Part 4: The "no magic" theory
I will start my survey of the theories of consciousness with materialism - the "no magic" theory. Materialism is the child of scepticism and a scientific principle called Occam's Razor, which says that of all the plausible theories, the simplest one is prabably correct. "Simplest" here refers to the number of assumptions made by the theory. In the context of consciousness, materialism is often referred to as eliminative materialism, a term associated with Paul and Patricia Churchland.
A true materialist believes that since over the course of millenia, we have found no evidence for the existence of "God", or "souls", or "supreme beings" of any kind, then those things do not exist. The only things that do exist are material - that is, made of matter. Tables are made of matter, and humans are made of matter. There is no reason to assume that consciousness (whatever it is) is not made of matter also. Note that matter in this sense includes energy. In fact, let's use the word "matter" to denote anything that can be detected and measured by physical instruments.
If consiousness is material, then it is located in the brain. That is because you can replace almost every other part of your body without it affecting your consciousness. Well, what are the things we have in our brains? There is the neocortex, which is responsible for building abstractions and interacting with our senses, speech and motor functions. There is the "old brain" - everything that is inside the cortex - which is responsible for things like our instincts. And then there is this strange thing called consciousness that seems to be responsible for making all of our decisions. We cannot detect a "soul"; therefore, it is not there.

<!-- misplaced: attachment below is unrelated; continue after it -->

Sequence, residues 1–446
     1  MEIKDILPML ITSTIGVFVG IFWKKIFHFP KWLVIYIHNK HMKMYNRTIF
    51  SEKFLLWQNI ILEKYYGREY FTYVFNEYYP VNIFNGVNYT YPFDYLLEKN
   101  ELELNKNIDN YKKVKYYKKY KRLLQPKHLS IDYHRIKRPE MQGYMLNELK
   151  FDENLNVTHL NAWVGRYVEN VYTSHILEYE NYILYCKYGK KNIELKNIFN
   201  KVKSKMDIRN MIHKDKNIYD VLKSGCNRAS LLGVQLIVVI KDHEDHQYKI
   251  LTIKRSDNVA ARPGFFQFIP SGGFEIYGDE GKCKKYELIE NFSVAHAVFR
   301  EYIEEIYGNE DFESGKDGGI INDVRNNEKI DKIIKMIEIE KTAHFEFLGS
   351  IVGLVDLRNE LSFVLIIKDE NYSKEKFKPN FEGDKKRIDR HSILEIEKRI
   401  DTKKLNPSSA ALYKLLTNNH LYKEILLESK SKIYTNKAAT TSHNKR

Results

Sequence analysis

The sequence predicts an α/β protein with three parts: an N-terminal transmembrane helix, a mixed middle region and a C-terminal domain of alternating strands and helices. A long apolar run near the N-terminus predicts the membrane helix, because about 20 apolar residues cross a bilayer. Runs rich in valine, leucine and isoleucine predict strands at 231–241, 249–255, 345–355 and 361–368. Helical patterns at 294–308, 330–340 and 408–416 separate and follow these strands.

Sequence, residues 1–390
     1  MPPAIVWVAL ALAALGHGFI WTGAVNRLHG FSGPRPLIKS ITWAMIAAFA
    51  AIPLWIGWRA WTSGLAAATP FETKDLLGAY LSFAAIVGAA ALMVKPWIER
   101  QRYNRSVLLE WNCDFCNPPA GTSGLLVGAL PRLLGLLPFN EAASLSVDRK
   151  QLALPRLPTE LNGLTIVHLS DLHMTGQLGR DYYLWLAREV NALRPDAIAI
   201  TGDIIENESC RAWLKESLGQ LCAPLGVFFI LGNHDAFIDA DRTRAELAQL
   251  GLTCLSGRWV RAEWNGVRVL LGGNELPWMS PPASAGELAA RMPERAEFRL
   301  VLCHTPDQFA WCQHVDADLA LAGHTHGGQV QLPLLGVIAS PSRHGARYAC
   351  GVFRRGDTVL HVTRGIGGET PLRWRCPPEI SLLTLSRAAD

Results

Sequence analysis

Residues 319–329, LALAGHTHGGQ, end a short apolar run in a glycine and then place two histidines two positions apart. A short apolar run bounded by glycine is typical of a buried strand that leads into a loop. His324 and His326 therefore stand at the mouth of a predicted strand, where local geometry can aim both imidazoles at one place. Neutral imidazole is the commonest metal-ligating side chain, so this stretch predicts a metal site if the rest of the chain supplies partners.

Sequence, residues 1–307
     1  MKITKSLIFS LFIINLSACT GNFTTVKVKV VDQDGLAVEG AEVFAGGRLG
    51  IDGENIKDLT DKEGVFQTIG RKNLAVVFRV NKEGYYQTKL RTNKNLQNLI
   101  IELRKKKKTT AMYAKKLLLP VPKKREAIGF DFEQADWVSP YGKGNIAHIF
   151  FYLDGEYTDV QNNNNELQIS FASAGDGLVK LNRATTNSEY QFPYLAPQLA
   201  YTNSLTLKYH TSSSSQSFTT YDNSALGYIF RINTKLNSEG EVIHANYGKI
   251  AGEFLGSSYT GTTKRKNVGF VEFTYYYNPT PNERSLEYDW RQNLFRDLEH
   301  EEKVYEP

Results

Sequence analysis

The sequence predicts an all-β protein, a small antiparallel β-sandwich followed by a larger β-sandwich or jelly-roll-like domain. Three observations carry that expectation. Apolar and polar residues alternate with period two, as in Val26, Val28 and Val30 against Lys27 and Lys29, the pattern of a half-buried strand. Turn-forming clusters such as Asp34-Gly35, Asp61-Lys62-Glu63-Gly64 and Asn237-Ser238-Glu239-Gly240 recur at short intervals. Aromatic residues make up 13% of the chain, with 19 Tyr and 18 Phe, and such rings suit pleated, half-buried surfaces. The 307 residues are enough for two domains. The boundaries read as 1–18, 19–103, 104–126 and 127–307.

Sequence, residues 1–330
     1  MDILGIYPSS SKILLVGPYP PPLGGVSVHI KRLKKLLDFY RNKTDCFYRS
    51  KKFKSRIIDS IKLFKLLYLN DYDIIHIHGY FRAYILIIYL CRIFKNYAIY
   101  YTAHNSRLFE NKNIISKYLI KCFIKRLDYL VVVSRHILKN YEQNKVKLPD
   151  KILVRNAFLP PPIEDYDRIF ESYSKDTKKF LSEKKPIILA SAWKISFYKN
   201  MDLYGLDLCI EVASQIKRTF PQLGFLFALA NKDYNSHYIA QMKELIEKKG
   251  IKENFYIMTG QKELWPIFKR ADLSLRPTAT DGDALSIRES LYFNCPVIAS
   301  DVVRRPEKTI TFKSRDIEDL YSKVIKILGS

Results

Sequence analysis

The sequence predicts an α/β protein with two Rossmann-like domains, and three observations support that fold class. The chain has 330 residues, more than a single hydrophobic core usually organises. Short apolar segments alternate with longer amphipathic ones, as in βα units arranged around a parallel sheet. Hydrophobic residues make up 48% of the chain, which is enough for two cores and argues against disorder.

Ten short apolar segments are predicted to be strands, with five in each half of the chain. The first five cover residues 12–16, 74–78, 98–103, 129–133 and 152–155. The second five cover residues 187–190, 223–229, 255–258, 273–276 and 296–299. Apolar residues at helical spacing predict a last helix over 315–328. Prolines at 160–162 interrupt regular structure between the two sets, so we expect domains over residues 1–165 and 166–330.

According to materialists, such phenomena as belief, intention and love can be explained in terms of physical and chemical processes that occur in the brain. Given enough time, scientific advances will let us understand everything about the basic functions of the brain. Long before that, we will understand completely how simpler organisms work. Take, for example, a virus. There is debate among scientists whether a virus is a living organism. Why is that? It is probably because we already understand a great deal about how a virus operates. A Hepatitis C virus is a tiny ball made up of about 10 different kinds of RNA molecules. We know how it reproduces by infecting living cells. We know most of the chemical reactions that are involved. In some sense, adding a virus to a living cell is no different from adding vinegar to baking soda - there will be a chemical reaction, and we know its outcome. There is nothing special about it. A materialist would say that eventually we will be able to understand humans as well as we understand virii.
The main consequence of this theory is the absence of free will. In short, we are all pieces in a game whose rules are the rules of nature, and our whole life is predetermined from birth to death. All of the decisions that we make have already been made, and our choices in life are merely an illusion. Consiousness is an illusion. Although there are some scientists who try to remain materialistic while side-stepping the issue of free will, it is very difficult to avoid making this conclusion.